Why I Switched from Mint to Personal Capital
Managing your money is complicated in the current year. You have to keep tabs on your checking, savings, and credit cards. You also have to track your tax-advantaged and employer-sponsored accounts — your 401(k), IRA, HSA, and 529. On top of all that, you probably have a mortgage and a car loan to think about.
Enter the brilliant idea of online account aggregators, applications that securely link all of your account data and present it in a dashboard where you can easily track your expenses, net worth, and investment portfolio.
While I would recommend either one as an essential app, I’ve recently decided to retire Mint and move to Personal Capital as my exclusive account aggregator. Here’s my reasoning:
- Personal Capital is more focused on investing.
As you get older, you should spend more time worrying about your portfolio, net worth, and retirement savings, rather than simply budgeting how much money comes in each month. Both platforms handle investing, but Personal Capital’s tools are far more robust than Mint’s. And because investments are front and center in Personal Capital, you’re much more likely to think about them — which is exactly what you should be doing.
My favorite feature? Personal Capital’s ability to accurately aggregate all of your accounts and analyze your portfolio balance. It shows how much you have invested in US stocks, international stocks, bonds, alternatives, etc., and it works even if you are widely invested in diverse mutual funds or ETFs.
By contrast, the investment tools in Mint are primitive and don’t always categorize your funds correctly. And they require Adobe Flash.
2. Personal Capital connects and retrieves your data more reliably, even for income and expenses.
Since I use Personal Capital for myself and my spouse, I connect to banks using different logins and shared accounts, shared logins and shared accounts, and different logins and different accounts — and sometimes there are overlaps at the same bank. (This situation is more common that you’d expect. If you both have IRAs and a shared checking account at the same bank, you’re likely a candidate.)
This scenario can cause a lot of data duplication. Fortunately, both applications have tools to help you resolve this. On Mint, however, I had to spend a lot of time manually hiding accounts, and sometimes hiding them again and again. Personal Capital is mostly smart enough to handle this for you. I barely even think about duplication anymore.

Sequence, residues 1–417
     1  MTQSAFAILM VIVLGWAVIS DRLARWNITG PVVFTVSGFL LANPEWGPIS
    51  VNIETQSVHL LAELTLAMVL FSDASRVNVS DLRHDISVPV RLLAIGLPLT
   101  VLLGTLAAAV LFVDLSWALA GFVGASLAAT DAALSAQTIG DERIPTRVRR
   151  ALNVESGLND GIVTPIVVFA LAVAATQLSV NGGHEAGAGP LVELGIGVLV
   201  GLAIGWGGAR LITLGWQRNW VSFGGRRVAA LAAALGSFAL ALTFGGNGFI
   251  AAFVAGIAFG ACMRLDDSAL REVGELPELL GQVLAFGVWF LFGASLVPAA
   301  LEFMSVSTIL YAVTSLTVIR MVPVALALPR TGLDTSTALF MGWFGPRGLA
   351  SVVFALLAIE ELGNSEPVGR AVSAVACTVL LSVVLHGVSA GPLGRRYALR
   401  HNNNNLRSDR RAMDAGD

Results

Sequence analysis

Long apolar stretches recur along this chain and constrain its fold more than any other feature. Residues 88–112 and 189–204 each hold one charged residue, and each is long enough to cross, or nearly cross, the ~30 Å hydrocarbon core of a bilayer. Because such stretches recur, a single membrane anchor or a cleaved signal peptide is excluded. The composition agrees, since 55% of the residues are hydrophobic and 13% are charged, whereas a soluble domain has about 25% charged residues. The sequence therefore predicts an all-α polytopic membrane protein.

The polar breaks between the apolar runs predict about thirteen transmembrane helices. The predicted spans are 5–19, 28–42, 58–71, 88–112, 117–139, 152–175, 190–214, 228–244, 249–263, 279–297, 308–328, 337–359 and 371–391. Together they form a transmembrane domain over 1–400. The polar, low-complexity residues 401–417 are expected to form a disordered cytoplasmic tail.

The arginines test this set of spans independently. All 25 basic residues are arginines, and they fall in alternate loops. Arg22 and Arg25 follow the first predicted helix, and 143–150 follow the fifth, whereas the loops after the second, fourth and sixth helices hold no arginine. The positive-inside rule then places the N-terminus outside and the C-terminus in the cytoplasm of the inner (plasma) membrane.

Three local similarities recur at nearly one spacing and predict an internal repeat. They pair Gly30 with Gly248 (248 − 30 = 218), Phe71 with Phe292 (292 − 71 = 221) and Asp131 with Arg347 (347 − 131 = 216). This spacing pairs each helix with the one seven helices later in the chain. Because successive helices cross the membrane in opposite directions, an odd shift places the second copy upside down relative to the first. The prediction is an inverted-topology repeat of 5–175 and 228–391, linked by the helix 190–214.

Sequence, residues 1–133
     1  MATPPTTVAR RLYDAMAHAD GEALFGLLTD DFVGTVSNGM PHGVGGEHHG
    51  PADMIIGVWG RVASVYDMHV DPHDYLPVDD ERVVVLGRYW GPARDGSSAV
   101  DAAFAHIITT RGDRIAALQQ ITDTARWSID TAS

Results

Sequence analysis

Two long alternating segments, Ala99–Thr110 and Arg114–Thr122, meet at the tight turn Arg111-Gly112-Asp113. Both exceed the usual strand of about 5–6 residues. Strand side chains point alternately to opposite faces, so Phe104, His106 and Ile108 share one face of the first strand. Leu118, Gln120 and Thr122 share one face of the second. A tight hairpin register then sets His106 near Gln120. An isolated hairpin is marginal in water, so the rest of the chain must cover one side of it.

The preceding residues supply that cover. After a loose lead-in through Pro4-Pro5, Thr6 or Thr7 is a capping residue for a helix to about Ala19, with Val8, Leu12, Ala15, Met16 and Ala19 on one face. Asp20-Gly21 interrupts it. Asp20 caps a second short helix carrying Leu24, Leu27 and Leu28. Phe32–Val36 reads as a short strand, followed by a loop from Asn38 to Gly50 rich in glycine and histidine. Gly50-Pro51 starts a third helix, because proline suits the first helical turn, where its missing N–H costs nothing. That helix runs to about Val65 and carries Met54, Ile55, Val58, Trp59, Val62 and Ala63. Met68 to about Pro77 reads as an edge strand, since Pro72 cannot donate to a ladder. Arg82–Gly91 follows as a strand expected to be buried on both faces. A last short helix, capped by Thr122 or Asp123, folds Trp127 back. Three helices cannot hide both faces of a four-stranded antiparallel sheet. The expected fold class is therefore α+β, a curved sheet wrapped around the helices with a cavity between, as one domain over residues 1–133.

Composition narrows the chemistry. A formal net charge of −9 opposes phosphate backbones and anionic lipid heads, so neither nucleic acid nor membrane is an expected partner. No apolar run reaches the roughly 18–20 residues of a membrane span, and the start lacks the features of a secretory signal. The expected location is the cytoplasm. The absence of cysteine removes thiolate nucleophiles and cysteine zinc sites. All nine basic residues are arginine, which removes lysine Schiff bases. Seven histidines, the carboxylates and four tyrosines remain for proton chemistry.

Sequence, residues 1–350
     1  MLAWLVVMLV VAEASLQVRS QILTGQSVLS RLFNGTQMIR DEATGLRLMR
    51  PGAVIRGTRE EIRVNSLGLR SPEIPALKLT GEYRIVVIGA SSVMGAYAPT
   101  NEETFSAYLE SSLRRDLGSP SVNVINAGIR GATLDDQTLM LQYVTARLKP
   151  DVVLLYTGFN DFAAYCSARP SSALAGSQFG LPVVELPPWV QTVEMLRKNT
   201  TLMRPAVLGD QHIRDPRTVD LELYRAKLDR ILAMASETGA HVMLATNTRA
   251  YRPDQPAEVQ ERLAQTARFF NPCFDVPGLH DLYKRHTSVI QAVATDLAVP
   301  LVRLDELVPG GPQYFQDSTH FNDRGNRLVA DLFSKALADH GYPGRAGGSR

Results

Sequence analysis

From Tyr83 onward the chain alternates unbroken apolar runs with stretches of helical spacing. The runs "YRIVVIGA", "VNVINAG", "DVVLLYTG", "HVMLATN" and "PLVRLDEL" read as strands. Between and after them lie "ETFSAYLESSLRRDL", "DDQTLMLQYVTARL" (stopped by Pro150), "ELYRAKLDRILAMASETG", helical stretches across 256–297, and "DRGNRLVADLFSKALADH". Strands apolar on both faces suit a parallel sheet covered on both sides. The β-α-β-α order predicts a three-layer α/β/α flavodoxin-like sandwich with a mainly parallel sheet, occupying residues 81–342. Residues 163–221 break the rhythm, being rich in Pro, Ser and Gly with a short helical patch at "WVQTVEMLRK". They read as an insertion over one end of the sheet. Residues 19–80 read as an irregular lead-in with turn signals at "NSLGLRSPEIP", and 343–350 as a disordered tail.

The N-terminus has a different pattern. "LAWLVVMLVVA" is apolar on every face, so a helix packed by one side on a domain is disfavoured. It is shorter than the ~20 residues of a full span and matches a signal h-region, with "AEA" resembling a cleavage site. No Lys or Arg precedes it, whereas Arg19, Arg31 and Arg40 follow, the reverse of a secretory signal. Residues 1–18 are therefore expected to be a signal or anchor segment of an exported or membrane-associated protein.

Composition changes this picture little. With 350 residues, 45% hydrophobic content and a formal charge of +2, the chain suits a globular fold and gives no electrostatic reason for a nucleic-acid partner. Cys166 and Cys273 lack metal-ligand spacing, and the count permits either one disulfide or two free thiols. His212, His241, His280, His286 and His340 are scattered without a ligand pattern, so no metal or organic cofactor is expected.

3. Personal Capital has better support.
If you are having connectivity issues, you’re not out of luck with either application. Both have support departments and knowledge bases. But in my experience Personal Capital has been way more responsive. With Mint, it was always a tossup, or would take forever to be fixed.
I’ve also noticed that connectivity with Personal Capital keeps getting more reliable over time. Accounts that used to disconnect and require me to re-enter my password suddenly start working without any problems. In Mint, if something didn’t work, it usually stayed that way.
4. Personal Capital just looks and feels better.
I’m a sucker for a slick user interface. Mint kind of looks like it was designed by Microsoft’s Windows 10 team. The menus are busy, chock full of alerts, and the ads can be intrusive.
Once again, Personal Capital bests Mint. When you log in, it feels like you’re in a personal command center, a real dashboard. You have your accounts on the left, your net worth front and center, and your day’s gains on the lower right. Almost everything is clickable and will lead you to more details. Sure, there’s the occasional ad to deal with, but it’s usually just a friendly alert that you can talk to an advisor.
I have to hand it to Personal Capital. It does everything Mint can do and more. Which is why I’ve decided to use it as my sole money aggregator from now on.